Cadence® system design and verification solutions, integrated under our System Development Suite, provide the simulation, acceleration, emulation, and management capabilities.
System Development Suite Related Products A-Z
Cadence® digital design and signoff solutions provide a fast path to design closure and better predictability, helping you meet your power, performance, and area (PPA) targets.
Full-Flow Digital Solution Related Products A-Z
Cadence® custom, analog, and RF design solutions can help you save time by automating many routine tasks, from block-level and mixed-signal simulation to routing and library characterization.
Overview Related Products A-Z
Driving efficiency and accuracy in advanced packaging, system planning, and multi-fabric interoperability, Cadence® package implementation products deliver the automation and accuracy.
Cadence® PCB design solutions enable shorter, more predictable design cycles with greater integration of component design and system-level simulation for a constraint-driven flow.
An open IP platform for you to customize your app-driven SoC design.
Comprehensive solutions and methodologies.
Helping you meet your broader business goals.
A global customer support infrastructure with around-the-clock help.
24/7 Support - Cadence Online Support
Locate the latest software updates, service request, technical documentation, solutions and more in your personalized environment.
Cadence offers various software services for download. This page describes our offerings, including the Allegro FREE Physical Viewer.
Get the most out of your investment in Cadence technologies through a wide range of training offerings.
This course combines our Allegro PCB Editor Basic Techniques, followed by Allegro PCB Editor Intermediate Techniques.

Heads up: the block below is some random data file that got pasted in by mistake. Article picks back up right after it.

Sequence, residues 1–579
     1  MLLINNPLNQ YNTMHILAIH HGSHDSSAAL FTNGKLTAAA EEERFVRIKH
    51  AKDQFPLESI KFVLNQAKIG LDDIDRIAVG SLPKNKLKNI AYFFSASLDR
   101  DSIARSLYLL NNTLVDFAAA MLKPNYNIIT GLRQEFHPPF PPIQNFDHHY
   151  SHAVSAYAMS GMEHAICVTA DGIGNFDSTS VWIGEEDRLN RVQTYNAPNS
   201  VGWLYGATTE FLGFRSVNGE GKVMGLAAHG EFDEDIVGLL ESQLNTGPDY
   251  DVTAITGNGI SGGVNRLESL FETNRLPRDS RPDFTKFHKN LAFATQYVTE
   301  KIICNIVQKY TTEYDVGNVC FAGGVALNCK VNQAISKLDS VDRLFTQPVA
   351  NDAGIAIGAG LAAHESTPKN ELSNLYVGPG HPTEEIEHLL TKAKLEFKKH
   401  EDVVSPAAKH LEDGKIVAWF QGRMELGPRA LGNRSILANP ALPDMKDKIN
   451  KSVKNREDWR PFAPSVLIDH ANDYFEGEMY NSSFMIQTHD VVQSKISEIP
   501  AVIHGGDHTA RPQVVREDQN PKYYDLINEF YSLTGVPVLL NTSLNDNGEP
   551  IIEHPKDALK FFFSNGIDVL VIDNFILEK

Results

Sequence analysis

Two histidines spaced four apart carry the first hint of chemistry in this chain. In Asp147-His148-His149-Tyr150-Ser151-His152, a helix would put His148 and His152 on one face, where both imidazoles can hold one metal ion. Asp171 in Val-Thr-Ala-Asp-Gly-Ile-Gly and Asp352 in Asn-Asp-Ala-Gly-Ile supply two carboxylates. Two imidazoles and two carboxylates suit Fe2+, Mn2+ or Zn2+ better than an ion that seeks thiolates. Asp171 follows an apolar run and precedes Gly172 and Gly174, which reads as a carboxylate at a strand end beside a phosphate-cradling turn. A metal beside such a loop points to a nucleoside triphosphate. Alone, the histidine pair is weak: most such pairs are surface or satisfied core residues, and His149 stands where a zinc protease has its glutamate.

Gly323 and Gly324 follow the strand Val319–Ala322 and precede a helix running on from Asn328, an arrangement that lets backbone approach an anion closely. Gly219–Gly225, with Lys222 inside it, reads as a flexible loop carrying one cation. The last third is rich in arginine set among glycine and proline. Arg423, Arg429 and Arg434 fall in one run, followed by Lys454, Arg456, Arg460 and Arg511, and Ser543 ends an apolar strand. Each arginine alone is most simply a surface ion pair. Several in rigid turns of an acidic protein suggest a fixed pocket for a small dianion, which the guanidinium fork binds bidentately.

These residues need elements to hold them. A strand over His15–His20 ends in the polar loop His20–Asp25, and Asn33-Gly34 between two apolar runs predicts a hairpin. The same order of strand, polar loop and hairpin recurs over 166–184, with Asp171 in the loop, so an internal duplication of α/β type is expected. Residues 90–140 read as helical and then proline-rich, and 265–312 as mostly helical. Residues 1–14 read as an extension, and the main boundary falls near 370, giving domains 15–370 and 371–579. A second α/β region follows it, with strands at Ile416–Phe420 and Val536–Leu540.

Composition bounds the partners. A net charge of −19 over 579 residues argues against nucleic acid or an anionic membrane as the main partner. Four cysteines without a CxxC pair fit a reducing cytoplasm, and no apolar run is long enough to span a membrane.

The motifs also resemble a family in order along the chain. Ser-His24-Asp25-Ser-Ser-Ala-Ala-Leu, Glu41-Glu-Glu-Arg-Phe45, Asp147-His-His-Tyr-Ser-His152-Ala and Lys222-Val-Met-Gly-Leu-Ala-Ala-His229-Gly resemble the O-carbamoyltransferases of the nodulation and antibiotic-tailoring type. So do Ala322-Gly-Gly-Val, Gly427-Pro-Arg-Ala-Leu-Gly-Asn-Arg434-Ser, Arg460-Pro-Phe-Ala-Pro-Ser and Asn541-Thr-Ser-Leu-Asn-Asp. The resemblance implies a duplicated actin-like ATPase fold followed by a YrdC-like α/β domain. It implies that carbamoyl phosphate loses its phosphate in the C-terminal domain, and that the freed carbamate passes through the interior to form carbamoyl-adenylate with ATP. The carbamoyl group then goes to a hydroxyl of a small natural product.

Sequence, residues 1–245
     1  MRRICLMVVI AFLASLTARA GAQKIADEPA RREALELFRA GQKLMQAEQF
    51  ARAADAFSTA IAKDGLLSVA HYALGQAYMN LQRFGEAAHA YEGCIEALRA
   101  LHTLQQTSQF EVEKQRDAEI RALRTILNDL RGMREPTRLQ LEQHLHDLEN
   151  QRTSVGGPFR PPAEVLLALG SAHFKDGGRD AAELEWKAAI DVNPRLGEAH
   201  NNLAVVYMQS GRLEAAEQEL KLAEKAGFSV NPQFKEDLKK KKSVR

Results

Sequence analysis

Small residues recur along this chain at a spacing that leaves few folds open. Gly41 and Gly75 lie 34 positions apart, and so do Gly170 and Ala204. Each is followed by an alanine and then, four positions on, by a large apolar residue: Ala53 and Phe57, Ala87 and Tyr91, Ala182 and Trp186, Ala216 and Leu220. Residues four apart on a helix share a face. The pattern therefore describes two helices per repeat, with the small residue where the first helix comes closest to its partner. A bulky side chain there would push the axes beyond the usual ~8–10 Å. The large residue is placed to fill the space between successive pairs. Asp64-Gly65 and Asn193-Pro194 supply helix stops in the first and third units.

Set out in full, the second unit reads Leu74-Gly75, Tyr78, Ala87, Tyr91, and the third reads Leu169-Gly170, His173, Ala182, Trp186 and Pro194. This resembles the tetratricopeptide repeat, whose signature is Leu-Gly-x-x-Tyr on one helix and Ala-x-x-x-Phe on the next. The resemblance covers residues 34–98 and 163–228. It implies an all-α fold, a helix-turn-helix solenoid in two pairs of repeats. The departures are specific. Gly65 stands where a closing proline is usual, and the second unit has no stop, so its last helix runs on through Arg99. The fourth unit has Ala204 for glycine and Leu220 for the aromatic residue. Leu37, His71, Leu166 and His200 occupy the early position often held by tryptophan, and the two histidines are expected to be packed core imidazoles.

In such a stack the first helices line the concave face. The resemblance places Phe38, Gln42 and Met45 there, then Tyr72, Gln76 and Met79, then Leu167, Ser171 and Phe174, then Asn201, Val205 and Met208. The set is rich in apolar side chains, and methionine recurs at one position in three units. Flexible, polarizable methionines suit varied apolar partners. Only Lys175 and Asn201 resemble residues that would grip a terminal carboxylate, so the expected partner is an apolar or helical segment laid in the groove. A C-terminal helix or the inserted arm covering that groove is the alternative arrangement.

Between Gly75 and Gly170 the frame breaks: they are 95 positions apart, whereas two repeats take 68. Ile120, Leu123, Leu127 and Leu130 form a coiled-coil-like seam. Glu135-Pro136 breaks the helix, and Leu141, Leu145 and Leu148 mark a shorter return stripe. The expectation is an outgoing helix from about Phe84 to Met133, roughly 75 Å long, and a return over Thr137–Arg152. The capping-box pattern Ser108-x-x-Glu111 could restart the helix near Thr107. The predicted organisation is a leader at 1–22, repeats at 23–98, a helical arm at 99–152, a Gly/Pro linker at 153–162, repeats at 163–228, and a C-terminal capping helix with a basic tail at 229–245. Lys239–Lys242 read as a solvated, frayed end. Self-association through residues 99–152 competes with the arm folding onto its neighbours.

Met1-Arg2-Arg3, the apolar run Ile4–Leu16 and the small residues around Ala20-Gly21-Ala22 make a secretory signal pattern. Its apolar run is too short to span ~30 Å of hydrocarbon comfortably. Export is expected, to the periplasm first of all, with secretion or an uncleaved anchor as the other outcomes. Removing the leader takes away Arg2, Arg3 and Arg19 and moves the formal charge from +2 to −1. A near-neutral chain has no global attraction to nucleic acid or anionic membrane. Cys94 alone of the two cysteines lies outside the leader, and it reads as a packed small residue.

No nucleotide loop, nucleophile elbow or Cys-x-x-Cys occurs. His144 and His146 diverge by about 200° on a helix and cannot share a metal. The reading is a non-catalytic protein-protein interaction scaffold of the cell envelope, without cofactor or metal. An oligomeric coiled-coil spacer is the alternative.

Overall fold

Virtuoso Analog Design Environment Verifier 16.7
Learn learn to perform requirements-driven analog verification using the Virtuoso ADE Verifier tool.
Exchange ideas, news, technical information, and best practices.
The community is open to everyone, and to provide the most value, we require participants to follow our Community Guidelines that facilitate a quality exchange of ideas and information.
It's not all about the technlogy. Here we exchange ideas on the Cadence Academic Network and other subjects of general interest.
Cadence is a leading provider of system design tools, software, IP, and services.
I am running a simulation that takes forever to be completed! It has some switched-cap circuits inside and currently I use moderate simulation and ASP is also enabled, with 16 threads and 24 cores. I wonder if there is any option to break the simulation into smaller parts and use several computers to run parallel simulation.
I don't often chime in on simulation issues but I doubt many would be able to help you, your request seems to be too vague.
1. What sort of simulation are you running, transient, PSS, harmonic balance etc. (you get the picture)
2. I'm assuming that you are using Spectre as the simulator (APS, not ASP) but which version?
3. Are the circuit elements all transistors and passives, or do you have any behavioural models?
4. Is the timestep being reduced to a very small value? This might indicate discontinuities in the models or incorrect component values, or incorrect connectivity even.